the majority of antibiotics that block bacterial protein synthesis ..
In the course of a microbial product screening aimed at the discovery of novel antibiotics acting on bacterial protein synthesis, a complex of three structurally related tetrapeptides, namely, GE81112 factors A, B, and B1, was isolated from a sp The screening was based on a cell-free assay of bacterial protein synthesis driven by a model mRNA containing natural initiation signals. In this study we report the production, isolation, and structure determination of these novel, potent and selective inhibitors of cell-free bacterial protein synthesis, which stably bind the 30S ribosomal subunit and inhibit the formation of fMet-puromycin. They did not inhibit translation by yeast ribosomes in vitro. Spectroscopic analyses revealed that they are tetrapeptides constituted by uncommon amino acids. While GE81112 factors A, B, and B1 were effective in inhibiting bacterial protein synthesis in vitro, they were less active against Gram-positive and Gram-negative bacterial cells. Cells grown in minimal medium were more susceptible to the compounds than those grown in rich medium, and this is most likely due to competition or regulation by medium components during peptide uptake. The novelty of the chemical structure and of the specific mode of action on the initiation phase of bacterial protein synthesis makes GE81112 a unique scaffold for designing new drugs.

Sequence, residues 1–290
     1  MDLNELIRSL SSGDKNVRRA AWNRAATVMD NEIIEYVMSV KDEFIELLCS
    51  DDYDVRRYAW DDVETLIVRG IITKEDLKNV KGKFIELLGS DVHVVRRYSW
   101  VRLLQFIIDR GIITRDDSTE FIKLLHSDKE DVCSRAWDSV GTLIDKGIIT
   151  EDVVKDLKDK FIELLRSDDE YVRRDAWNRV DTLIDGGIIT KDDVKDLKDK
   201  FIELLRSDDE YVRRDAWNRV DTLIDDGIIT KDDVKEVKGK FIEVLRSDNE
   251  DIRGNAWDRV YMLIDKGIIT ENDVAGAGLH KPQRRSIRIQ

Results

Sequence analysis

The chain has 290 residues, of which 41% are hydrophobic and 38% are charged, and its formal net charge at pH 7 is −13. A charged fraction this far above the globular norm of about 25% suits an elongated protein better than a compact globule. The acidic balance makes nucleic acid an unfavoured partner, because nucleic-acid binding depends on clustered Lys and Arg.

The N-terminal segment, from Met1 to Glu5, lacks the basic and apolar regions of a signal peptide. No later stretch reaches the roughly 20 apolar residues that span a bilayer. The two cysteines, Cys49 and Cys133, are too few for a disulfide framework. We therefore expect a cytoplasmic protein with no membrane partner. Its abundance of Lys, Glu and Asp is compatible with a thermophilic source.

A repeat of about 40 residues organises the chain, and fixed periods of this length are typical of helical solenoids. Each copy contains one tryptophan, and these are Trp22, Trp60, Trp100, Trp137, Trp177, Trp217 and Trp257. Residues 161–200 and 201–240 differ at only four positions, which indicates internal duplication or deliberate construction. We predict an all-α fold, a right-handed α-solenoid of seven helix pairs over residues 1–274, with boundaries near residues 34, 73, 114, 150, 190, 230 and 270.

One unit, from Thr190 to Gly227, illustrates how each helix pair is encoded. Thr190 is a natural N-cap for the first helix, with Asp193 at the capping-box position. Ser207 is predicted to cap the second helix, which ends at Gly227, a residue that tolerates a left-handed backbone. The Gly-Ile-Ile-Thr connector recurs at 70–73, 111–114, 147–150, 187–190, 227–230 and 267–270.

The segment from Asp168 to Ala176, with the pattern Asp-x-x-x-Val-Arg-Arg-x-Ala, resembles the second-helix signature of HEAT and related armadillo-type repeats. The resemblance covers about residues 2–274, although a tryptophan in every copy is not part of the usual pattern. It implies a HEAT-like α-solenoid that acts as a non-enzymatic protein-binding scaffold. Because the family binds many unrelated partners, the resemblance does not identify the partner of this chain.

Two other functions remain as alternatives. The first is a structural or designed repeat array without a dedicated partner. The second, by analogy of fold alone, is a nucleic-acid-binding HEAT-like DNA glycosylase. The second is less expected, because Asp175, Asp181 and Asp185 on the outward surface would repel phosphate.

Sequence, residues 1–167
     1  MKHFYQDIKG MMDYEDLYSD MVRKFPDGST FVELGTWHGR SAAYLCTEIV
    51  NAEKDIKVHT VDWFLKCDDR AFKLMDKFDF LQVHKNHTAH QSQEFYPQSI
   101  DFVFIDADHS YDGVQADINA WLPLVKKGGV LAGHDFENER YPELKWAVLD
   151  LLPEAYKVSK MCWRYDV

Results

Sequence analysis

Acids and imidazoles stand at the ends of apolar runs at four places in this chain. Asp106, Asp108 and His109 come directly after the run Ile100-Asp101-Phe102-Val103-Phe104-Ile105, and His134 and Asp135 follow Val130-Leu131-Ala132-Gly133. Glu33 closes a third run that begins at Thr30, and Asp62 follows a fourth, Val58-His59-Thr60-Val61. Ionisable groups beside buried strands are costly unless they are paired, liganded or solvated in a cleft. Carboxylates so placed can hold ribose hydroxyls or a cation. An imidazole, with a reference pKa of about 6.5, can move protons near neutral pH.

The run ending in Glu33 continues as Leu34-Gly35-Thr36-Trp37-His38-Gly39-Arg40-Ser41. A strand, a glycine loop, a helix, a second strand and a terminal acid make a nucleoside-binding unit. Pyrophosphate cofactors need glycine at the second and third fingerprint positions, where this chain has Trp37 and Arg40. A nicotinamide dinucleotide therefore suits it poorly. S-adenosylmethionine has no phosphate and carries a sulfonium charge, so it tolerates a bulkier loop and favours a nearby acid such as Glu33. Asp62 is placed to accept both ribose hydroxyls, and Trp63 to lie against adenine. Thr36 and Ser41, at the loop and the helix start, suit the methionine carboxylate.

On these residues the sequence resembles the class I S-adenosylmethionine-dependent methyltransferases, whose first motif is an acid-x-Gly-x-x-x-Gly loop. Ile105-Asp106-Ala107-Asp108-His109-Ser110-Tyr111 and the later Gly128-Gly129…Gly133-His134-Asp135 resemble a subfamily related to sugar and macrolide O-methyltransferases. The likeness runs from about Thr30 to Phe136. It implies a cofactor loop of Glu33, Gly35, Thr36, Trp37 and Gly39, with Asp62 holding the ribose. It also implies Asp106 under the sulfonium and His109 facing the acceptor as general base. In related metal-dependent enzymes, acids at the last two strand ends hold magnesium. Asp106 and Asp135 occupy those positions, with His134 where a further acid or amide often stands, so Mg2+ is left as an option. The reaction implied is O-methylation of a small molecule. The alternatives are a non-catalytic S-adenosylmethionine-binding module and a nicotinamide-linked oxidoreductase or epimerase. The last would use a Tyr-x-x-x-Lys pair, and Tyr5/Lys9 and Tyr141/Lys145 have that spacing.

bacterial protein synthesis inhibitors Study ..
Brandi L, Lazzarini A, Cavaletti L et al. (2006b) Novel tetrapeptide inhibitors of bacterial protein synthesis produced by a Streptomyces sp. Biochemistry 45: 3692–3702.
The initiation phase is the rate‐limiting step in protein synthesis where messenger ribonucleic acid (mRNA), initiator‐transfer RNA (tRNA) and ribosomal subunits are assembled together in the presence of specific initiation factors. This process is the target for a diverse subset of antibiotics that inhibit the initiation step in a variety of different ways. Dissecting the mechanism of action of these antibiotics has provided insight not only into their inhibitory action but also into the process of translation initiation itself. With the dramatic increase in resistance of bacterial strains to many clinically relevant antibiotics, the discovery of improved inhibitors is becoming more important. Because the known initiation inhibitors bind to distinct regions of the ribosome compared with clinically used antibiotics, revisiting the initiation inhibitors may open new avenues to the development of novel antimicrobial agents.